Bridge Department

Two years later, Martin D. Wilson entered the employ of the B. and M. in the building and bridge department, working on frame and steel bridges on the Lincoln, Omaha, and Alliance division, and a year later was transferred to the Lincoln and Omaha division as brakeman. He became conductor in 1897 and had remained in that work up to the time of his retirement. Mr. Martin Wilson has had runs on every part of the Lincoln, Omaha, and Creston Division, and was on the mail run from Omaha to Burlington, Ia.

Miss Susie J. Troutt and Mr. Martin Wilson were married in Lincoln December 20, 1897. They resided in Lincoln many years, as well as in Aurora, Schuyler, and Omaha.

Still Switchman

November 1, 1899, Vonley M. Wilson was born to them [Susie & Martin], and in Lincoln on July 10, 1919, he [Vonley] entered the Burlington service as switchman, a job he still has. Gaylord E. Wilson, son of V.M. Wilson, followed the family way August 1, 1941, when he became a Burlington switchman.

William C. Wilson died in 1926 at Ashland. Martin D. Wilson is looking forward to retirement on December 20 [1941?]. Vonley and Gaylord are the railroad men of the Wilson family in the future. It is an honored tradition that the four men have upheld and are upholding in Nebraska, a story that began in Nebraska's territoryhood with William Clarkson Wilson cracking his long whip over the backs of slow oxen to the young Wilsons who still are writing family legends, through the fourth generation of transportation men. Through the four men, the combined service totals 84 years.

***there is a typed note at the bottom of the article, I don't know who wrote it: " This 20th day of Dec. 1941, America is at war, the above pictures and writing is a tribute to two men that have done their bit in building the country west of the Missouri River in the State of Nebraska. Transportation has played a leading role in the development of our Nation. The other two men are still following their forebears in the transportation field, Yes to date four generations have followed it for 84 years, therefore War or Peace, transportation must not stop and it shall not stop, America marches on today, tomorrow and forever. What the elder men have done shall not have been done in vain, for the Stars and Stripes will never come down.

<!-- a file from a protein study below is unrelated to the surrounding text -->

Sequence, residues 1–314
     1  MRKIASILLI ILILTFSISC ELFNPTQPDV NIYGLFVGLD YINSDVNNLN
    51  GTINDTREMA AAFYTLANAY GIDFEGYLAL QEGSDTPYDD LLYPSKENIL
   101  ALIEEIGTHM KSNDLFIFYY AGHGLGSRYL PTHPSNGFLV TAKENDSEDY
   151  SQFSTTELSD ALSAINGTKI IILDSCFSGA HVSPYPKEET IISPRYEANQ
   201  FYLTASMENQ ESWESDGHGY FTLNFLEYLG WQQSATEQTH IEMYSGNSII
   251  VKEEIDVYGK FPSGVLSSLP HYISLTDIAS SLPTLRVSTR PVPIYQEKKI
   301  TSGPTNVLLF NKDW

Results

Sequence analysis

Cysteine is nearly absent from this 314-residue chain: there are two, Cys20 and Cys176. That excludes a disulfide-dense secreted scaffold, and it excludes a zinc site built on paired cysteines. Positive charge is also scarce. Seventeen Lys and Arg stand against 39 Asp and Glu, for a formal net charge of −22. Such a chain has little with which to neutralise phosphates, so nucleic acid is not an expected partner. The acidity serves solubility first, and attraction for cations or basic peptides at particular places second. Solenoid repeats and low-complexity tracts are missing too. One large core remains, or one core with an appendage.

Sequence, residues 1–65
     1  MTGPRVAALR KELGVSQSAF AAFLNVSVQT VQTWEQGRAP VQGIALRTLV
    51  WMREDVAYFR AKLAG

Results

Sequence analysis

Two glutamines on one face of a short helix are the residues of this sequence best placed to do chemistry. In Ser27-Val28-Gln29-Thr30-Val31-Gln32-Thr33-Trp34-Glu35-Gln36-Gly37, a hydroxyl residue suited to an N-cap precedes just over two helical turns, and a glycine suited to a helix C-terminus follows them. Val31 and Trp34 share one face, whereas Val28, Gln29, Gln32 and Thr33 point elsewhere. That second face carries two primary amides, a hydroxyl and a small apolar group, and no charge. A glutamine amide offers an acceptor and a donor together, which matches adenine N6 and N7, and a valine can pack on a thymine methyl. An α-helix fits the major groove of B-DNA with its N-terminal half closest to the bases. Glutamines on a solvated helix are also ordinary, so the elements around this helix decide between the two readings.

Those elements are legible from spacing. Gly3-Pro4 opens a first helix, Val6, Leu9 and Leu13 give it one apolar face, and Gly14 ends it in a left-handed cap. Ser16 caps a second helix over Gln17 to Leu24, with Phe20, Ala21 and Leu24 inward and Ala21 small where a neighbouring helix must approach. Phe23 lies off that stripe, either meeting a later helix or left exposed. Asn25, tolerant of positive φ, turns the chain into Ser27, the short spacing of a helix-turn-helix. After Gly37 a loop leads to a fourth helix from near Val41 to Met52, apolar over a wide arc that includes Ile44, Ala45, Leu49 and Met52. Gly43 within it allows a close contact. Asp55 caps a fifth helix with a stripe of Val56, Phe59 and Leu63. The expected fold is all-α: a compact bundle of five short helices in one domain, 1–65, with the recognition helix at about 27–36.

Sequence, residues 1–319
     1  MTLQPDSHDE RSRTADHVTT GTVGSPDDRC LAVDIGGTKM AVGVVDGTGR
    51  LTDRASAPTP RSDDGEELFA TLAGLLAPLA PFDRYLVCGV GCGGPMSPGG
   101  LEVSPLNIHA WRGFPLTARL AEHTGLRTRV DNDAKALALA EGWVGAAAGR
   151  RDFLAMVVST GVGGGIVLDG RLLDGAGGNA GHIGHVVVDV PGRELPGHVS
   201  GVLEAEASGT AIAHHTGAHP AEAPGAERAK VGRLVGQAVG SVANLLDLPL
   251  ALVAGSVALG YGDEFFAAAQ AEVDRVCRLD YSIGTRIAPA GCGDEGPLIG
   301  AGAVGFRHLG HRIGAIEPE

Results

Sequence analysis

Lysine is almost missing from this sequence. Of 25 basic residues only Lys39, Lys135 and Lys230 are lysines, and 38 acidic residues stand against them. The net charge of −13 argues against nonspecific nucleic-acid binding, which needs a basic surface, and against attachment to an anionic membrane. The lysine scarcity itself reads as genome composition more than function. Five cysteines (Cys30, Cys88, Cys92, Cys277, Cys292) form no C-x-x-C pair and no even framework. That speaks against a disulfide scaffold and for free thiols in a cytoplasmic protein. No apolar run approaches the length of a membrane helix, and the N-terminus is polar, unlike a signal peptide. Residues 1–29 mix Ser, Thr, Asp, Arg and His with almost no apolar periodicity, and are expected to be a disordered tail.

Joseph Brown O'Bryan

This story was sent to me by Mary Jo Dowd:

My great grandfather, Joseph Brown O'Bryan, was born in Bardstown, Ky 12 Nov. 1855. He married Henrietta Spalding on 12 Sep. 1878. Joe was a pioneer Nebraska railroad engineer, having piloted the first train into Loup City over the Union Pacific railroad tracks in the year 1885. The O'Bryans lived in Omaha for a while, but made there home in Loup City. He was later transferred to other runs, including out of Omaha, and out of Ord to Spaulding, Ne. I have several stories to share.

Story #1
One incident of his railroad life happened while he was engineer on the Ord Branch. He was piloting his train to Ord one evening when he and his fireman saw an old-fashioned Nebraska tornado tearing across the prairie toward the train. Seeing the storm was sure to strike the train, Joe used his head, and brought the train to a stop. While the storm did strike the train, overturning three of the coaches, he had succeeded in stopping his iron horse before the storm struck. While a number of his passengers were considerably bruised, no one was seriously injured. Both passengers and the railroad officials attributed this fact and the slight damage to the train to the presence of mind of the engineer Joe B. O'Bryan.

Story #2
On the trip between Boelus and Pleasanton, on the South Loup, there is a sandy spot where the sand was drifting. It was bright sand and had covered both rails and looked smooth as a bit of pavement. When the engine hit it, it raised the drive wheels up of of the rails, causing the engine to totter to one side, and it fell like a bird wounded in it's flight. Joe stuck to his post and went down in the wreck. Smiling and cheerful as before, he has sadly limped ever since. Surgery and science afforded him but little help. Eventually the leg had to be amputated.

Story #3

Joe O'Bryan's railroad service was one of 43 years. 41 years of which he was an engineer. For the greater part he served, especially in later years, on the Ord Branch and at times made the old railroad bed tremble. In the good old days when railroad regulations were not quite so cute and acute, he sometimes delighted in getting some novice or tenderfoot in his cab and then running down from Ord in imitation of a run away roller coaster.

In those early years he had a bent of doing extra favors for the road's patrons. The father of Mrs Ed. L. Brown [Mr. Erskine] was on of those patrons. He was a traveling salesman. Joe would sometimes contrived to have trouble with the engine, the brakes, or somethin', to let Mr Erskine complete a little deal and catch the train for the next stop. Old friendships!

I have my great grandfather's railroad watch which,to me is priceless and when you open up one side it has a picture of him as well as one of his wife and the other side is the watch. I also have pictures of other railroad engineers, but do not know who they are.

Joe Thompsons sons also worked for the railroad:

  1. Joseph Richard(Dick) O'Bryan
  2. John Mary (John) O'Bryan
  3. Harvey B. O'Bryan
  4. Martin Catherine(Bud) O'Bryan